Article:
Black & Veatch Pioneers Canada’s First Award-Winning Community-Wide Smart Grid

by Anna

Black & Veatch, a global leader in infrastructure solutions, has successfully developed Canada’s first fully operational community-wide smart grid, utilizing geospatial technology to bolster grid resilience and reduce carbon emissions. This innovative project, implemented in Sault Ste. Marie, Ontario, demonstrates the potential of smart grids in transforming energy distribution and management.


As renewable energy sources become increasingly integrated into the power grid to meet ambitious clean energy goals, the infrastructure faces significant pressure. The rapid expansion of the electric vehicle (EV) market, the offshore movement of wind power, and the advancement of solar panel technology are all contributing to the need for a more resilient and efficient grid.


The smart grid system developed by Black & Veatch incorporates geospatial technology, predictive capabilities, and comprehensive data integration to enhance grid safety and reliability. This system not only improves operational efficiency but also contributes to a reduction of 2,804 tons of carbon dioxide emissions annually.

Tackling Infrastructure Challenges and Data Demands

The aging power grid, much of which was constructed in the mid-20th century, faces numerous challenges. With transmission lines typically having a lifespan of around 50 years, the need for upgrades, maintenance, and efficient repairs is critical. For instance, the California Independent System Operator has recommended an investment of $9.6 billion in 46 transmission line projects to support renewable energy loads. However, this investment does not cover the extensive replacement and maintenance required for aging infrastructure components like transmission lines and circuit breakers.

Renewable energy demand and stringent carbon emissions goals further complicate the situation. Researchers at Princeton University have estimated that 80% of the emissions reductions from the Inflation Reduction Act could be negated without significant transmission expansion and grid updates. Additionally, data centers and artificial intelligence are driving substantial power demands, with the International Energy Agency projecting that by 2026, data centers will consume 6% of the total electricity in the United States.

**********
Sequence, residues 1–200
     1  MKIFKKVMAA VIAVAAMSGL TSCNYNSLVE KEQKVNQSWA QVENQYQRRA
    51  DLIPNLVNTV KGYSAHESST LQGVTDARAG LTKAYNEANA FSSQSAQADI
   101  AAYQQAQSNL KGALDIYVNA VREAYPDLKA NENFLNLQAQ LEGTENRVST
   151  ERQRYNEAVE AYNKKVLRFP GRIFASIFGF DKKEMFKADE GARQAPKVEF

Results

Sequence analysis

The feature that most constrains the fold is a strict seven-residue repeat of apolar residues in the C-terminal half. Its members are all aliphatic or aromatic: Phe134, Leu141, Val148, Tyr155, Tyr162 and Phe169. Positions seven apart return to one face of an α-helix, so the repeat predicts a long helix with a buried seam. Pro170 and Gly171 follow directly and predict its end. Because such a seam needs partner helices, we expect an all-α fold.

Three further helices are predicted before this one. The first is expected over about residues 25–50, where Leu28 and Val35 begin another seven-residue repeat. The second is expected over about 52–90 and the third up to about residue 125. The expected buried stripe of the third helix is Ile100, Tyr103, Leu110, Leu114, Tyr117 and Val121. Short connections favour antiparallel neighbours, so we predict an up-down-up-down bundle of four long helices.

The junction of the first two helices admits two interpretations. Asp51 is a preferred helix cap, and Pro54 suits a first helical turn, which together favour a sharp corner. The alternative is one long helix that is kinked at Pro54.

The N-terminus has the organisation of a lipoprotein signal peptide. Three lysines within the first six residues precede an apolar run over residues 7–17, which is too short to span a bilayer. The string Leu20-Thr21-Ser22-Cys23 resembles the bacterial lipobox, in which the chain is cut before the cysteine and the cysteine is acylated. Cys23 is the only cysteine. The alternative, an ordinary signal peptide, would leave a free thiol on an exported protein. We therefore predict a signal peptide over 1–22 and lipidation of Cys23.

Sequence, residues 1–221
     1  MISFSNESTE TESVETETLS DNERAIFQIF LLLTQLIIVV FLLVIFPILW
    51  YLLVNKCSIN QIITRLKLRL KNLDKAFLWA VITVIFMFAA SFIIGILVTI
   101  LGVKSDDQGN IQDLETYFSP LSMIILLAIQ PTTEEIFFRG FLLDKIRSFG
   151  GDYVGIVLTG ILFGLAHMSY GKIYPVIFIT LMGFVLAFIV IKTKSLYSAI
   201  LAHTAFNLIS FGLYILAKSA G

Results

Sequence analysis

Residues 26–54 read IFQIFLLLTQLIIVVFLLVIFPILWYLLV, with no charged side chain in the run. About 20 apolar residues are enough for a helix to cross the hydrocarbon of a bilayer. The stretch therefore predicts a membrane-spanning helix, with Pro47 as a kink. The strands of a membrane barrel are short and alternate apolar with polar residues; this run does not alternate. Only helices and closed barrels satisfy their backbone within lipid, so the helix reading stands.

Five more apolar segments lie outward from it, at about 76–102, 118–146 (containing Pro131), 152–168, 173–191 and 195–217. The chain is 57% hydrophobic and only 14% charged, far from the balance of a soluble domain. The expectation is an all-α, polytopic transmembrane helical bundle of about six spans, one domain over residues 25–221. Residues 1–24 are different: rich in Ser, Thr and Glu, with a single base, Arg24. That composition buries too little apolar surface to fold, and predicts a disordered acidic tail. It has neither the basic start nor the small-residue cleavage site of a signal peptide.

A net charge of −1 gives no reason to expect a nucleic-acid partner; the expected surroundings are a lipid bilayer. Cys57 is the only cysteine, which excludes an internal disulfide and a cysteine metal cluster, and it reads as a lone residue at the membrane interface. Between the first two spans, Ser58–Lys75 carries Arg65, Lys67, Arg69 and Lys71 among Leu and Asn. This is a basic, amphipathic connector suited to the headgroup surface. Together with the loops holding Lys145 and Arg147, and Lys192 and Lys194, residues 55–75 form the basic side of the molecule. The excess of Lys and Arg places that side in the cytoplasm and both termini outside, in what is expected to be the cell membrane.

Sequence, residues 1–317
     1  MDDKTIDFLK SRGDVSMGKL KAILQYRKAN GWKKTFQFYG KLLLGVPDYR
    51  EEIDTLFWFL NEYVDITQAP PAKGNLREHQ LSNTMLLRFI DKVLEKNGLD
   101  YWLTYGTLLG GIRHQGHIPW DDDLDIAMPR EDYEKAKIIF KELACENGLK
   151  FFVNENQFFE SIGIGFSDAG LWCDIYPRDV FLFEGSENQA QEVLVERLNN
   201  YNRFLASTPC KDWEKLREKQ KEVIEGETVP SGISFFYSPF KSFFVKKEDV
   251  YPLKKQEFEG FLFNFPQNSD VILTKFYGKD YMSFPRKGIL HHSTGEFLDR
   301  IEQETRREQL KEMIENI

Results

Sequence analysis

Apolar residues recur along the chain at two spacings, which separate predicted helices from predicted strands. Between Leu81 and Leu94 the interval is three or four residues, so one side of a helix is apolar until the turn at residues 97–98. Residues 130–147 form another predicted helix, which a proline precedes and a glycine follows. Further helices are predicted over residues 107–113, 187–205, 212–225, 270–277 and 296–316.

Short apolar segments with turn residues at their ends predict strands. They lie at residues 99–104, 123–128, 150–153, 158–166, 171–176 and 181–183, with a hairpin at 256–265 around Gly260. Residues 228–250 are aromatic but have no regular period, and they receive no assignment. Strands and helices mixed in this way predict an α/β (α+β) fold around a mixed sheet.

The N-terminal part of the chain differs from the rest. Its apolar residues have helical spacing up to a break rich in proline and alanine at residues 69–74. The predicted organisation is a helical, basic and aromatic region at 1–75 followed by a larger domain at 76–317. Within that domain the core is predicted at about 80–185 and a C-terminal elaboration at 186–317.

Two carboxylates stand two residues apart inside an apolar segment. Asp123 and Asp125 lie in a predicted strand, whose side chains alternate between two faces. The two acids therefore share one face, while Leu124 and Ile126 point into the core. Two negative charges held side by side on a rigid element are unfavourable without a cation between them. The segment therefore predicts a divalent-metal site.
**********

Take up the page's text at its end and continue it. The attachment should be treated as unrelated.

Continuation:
Smart Grids and Geospatial Technology

Installing smart grids is crucial to addressing these infrastructure challenges and meeting the growing power demands. Black & Veatch’s smart grid in Sault Ste. Marie supports 35,000 customers, enhancing grid resilience, reducing costs for consumers, and significantly lowering carbon emissions.

The smart grid employs geospatial technology and data integration to create a comprehensive program management and execution tool suite. This unified platform monitors a project’s design and performance over time, enhancing planning and forecasting with advanced dimensional design and mapping. The integration of data and analytics improves scheduling, decision-making, and issue resolution efficiency.

One of the critical benefits of smart grid technology is its ability to minimize human error in maintenance and monitoring. Optical sensors connected to the smart grid provide real-time monitoring and predictive data to prevent failures. These sensors can detect system stress, monitor temperatures, identify deformations in components, and protect electrical equipment in substations. By enabling preventative maintenance, the smart grid moves away from reactive repairs, ensuring more reliable and efficient grid operation.

Future Prospects

Black & Veatch’s smart grid system is a sophisticated integration of four domains, utilizing smart applications and data analytics across all components. This technology has already proven its value, earning the Electricity Distribution Association’s Innovation Excellence Award for its implementation with PUC Distribution Inc., the power utility in Sault Ste. Marie.

As more companies and researchers adopt Black & Veatch’s geospatial technology, the benefits become increasingly apparent. The technology can reduce outage duration, improve asset update efficiency, and streamline repairs, enhancing predictive maintenance strategies. Given that over 90% of utility enterprises have a location context central to their operations, incorporating geospatial data into smart grid technology will be crucial for managing complex information rapidly and accurately.

Black & Veatch’s smart grid initiative in Canada marks the beginning of a broader movement towards smarter, more resilient utility grids. This pioneering effort is expected to pave the way for future advancements, making smart technology an integral part of the energy landscape.


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